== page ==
Hallaca (pronounced ‘Hayaka’) is a Latin American dish made of corn dough, stuffed with a stew of beef, pork and chicken – and sometimes even seafood, based on where it’s cooked. The stuffed dough is wrapped around in plantain leaves and boiled. A typically Christmas slow cooked dish, the recipe has seen variations over the years, across regions.

Hallacas are mandatorily “adorned” with raisins and variations also see capers and olives in abundance in the stuffing. The dish has been often called as the national dish of Venezuela, however they are almost a staple in Ecuador. Versions of it are seen across the Caribbean as well.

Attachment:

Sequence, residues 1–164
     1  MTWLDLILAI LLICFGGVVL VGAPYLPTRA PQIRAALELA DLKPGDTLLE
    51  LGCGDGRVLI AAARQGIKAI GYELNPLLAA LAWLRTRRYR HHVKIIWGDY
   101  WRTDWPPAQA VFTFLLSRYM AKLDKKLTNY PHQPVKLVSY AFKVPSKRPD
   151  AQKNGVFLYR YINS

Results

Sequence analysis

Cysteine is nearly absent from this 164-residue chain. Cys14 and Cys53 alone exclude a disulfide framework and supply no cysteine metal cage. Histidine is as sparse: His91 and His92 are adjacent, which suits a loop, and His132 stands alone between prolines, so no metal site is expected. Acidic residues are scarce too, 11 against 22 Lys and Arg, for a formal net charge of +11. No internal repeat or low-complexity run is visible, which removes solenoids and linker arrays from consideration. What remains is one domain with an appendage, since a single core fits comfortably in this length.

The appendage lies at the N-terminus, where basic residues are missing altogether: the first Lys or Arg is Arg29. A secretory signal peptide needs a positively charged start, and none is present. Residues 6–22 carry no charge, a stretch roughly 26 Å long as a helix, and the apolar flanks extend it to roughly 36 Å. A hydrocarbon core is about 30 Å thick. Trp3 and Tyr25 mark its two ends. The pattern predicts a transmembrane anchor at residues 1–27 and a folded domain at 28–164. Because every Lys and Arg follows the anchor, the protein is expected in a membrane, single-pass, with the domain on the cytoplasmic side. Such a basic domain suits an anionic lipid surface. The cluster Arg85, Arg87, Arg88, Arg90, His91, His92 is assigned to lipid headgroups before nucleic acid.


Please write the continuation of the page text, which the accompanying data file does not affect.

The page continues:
There are no singular stories about the origins of the dish, but its believed that Hallacas were prepared by the slaves of the Spaniards using leftovers of meat. But it is certain that the celebratory dish came from a native culture, owing to its ingredients and flavours. Because the dish takes hours to cook, they are often made in big batches to both enjoy and give away – keeping up much to the Christmas spirit.

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